The authors now show that MAVS interacts with hexokinase 2 (HK2)1. Upon RLR activation, this interaction is abolished, reducing the glycolytic flux and leading to a reduction in the levels of glycolytic intermediates downstream of HK2. They found that lactate produced by glycolysis binds to MAVS and thereby suppresses type I interferon gene expression. Cells grown in low glucose conditions or in the presence of a hexokinase inhibitor had enhanced type I interferon responses. On the organismal level, the authors showed that mice with low blood glucose caused by fasting had increased type I interferon gene expression in response to infection with vesicular stomatitis virus (VSV) compared with mice with higher glucose levels. Furthermore, mice that were deficient for lactate dehydrogenase A (LDHA) or treated with an LDHA inhibitor had a more robust type I interferon response and a heightened resistance response to VSV infection. By contrast, treatment of mice with sodium lactate reduced type I interferon in response to viral infection. This study provides important evidence that lactate acts as an immunomodulatory molecule in vivo that can be manipulated to regulate host defence to infections.

Infection-induced changes in host metabolism influence the pathogenesis of the infection and affect physiological functions in the host2. Clinically, the catabolic wasting of energy stores is the most profound metabolic effect of infections3. In humans, the febrile response appears to be the major stimulus for the induction of muscle and fat wasting. In mouse models of infection, mice develop hypothermia rather than fever owing to cold stress in standard facility conditions; however, they still exhibit catabolism of energy stores4.

The pro-inflammatory response to infection induces muscle and fat wasting by acting directly on energy stores and by inducing behavioural responses that result in tissue catabolism. Traditionally, studies have focused on understanding the role of pro-inflammatory cytokines including TNF, IL-1 and IL-6 in the pathogenesis of wasting. In 2019, a new, unexpected player was added to the list of immune mediators of wasting.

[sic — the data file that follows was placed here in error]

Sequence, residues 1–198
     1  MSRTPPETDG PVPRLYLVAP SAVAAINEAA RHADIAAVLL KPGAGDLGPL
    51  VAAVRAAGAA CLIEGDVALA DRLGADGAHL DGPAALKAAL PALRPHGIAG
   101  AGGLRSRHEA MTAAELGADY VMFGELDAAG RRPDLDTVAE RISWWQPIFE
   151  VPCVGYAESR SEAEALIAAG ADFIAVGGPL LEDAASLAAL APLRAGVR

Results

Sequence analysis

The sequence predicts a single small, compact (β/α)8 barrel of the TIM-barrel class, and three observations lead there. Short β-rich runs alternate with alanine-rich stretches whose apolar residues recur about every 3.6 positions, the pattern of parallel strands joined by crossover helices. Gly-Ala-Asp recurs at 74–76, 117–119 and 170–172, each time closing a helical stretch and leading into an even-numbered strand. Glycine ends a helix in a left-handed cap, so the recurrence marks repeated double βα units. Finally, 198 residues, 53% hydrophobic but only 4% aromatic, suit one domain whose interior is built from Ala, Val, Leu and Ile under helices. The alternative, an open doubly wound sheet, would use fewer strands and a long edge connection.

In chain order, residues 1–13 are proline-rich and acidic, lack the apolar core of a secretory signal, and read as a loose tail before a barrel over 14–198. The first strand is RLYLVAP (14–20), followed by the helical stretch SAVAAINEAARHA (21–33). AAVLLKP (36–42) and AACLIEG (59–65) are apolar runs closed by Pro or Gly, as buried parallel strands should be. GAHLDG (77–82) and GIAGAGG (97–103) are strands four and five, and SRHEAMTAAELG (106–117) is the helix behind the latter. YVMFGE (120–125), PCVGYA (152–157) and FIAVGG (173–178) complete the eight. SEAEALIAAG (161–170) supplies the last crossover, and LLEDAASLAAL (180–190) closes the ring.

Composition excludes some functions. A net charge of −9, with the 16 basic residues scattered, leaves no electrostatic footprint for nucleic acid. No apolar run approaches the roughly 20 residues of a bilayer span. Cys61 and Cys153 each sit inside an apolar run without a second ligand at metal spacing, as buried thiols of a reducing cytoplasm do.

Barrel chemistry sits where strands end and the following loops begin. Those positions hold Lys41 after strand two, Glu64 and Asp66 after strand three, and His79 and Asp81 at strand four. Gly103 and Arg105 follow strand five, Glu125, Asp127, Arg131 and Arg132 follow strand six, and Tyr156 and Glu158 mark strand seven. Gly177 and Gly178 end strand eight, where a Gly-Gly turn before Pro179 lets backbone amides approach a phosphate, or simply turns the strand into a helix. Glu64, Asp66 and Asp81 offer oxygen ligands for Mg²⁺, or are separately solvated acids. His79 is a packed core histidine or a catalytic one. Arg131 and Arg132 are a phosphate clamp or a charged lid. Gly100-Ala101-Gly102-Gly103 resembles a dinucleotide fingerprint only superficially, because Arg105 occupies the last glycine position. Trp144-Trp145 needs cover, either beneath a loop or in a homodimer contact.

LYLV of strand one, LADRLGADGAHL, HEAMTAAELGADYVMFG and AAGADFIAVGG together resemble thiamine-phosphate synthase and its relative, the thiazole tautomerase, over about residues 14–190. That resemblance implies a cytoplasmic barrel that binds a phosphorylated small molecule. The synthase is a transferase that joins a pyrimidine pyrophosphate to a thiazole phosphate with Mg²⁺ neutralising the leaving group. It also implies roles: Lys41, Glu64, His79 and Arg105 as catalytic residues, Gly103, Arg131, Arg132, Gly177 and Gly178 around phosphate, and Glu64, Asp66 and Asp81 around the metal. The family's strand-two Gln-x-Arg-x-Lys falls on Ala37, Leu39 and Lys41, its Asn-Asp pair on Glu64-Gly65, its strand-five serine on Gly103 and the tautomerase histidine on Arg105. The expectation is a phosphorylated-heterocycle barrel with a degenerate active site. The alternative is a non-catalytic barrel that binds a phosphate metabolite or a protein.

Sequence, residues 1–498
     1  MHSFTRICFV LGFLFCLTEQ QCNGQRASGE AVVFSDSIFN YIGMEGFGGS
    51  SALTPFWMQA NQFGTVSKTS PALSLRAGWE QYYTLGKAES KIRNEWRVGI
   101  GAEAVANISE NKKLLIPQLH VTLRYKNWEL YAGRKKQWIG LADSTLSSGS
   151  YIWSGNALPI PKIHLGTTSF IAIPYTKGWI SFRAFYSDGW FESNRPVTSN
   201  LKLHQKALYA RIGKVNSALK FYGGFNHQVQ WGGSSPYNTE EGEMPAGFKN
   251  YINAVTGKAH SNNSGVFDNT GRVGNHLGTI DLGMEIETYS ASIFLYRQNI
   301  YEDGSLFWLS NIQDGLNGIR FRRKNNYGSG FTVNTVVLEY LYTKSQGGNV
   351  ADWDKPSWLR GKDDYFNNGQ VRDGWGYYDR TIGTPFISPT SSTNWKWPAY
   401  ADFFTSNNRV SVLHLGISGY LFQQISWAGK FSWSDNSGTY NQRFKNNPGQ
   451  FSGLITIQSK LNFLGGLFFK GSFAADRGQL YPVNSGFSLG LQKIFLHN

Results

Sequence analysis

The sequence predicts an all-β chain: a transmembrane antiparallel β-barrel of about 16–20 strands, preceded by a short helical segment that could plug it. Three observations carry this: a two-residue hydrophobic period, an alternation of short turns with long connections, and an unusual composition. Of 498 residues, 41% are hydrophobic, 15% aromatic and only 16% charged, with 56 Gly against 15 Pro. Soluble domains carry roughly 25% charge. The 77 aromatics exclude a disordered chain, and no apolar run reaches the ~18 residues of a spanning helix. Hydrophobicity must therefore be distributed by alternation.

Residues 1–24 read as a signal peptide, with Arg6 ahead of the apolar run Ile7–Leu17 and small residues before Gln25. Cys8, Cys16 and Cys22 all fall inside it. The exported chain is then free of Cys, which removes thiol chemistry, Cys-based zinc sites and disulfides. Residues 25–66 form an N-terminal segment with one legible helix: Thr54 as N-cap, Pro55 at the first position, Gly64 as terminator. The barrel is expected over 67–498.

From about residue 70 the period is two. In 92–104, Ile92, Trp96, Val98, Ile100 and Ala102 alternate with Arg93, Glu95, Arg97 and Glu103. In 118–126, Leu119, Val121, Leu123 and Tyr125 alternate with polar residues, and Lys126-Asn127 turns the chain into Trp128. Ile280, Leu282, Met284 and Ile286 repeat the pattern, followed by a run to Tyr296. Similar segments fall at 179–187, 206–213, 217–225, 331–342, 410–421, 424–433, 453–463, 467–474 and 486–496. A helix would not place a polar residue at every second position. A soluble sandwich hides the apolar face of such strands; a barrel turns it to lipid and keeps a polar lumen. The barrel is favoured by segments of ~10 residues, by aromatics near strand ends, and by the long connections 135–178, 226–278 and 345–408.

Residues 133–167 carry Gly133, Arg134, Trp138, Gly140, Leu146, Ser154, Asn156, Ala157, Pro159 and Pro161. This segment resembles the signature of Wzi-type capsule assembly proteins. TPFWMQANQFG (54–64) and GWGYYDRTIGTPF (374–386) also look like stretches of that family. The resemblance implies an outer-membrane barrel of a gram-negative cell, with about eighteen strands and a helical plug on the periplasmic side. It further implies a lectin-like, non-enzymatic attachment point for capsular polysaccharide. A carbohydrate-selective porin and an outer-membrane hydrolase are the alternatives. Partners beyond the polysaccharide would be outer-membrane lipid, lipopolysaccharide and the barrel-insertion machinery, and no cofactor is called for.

Investigators who use the lymphocytic choriomeningitis virus (LCMV) clone 13 mouse model of chronic viral infection have appreciated for decades that infected mice develop an acute and robust anorexic response and a wasting phenotype that is reversible. However, it was not until 2019 that Baazim et al. interrogated this phenotype mechanistically5. LCMV-infected mice lose ~15–20% whole body weight, primarily due to the depletion of fat tissue, which is largely independent of the infection-induced anorexic response. Fat wasting is associated with the loss of lipid stores in adipocytes and the modulation of key regulators of lipid metabolism. Using metabolic cages that measure various physiological parameters, the authors found that LCMV-infected mice preferentially utilize fat as their energy source. Unexpectedly, antibody-mediated neutralization or genetic ablation of canonical mediators of wasting, such as the pro-inflammatory mediators interferon, TNF and IL-6, did not rescue the animals from LCMV-induced wasting. However, these results should be interpreted with caution as the authors did not report on viral burden. If neutralization or genetic ablation of pro-inflammatory cytokines impairs antiviral defences, then a higher viral burden may mask any effects these cytokines have on the pathogenesis of fat wasting.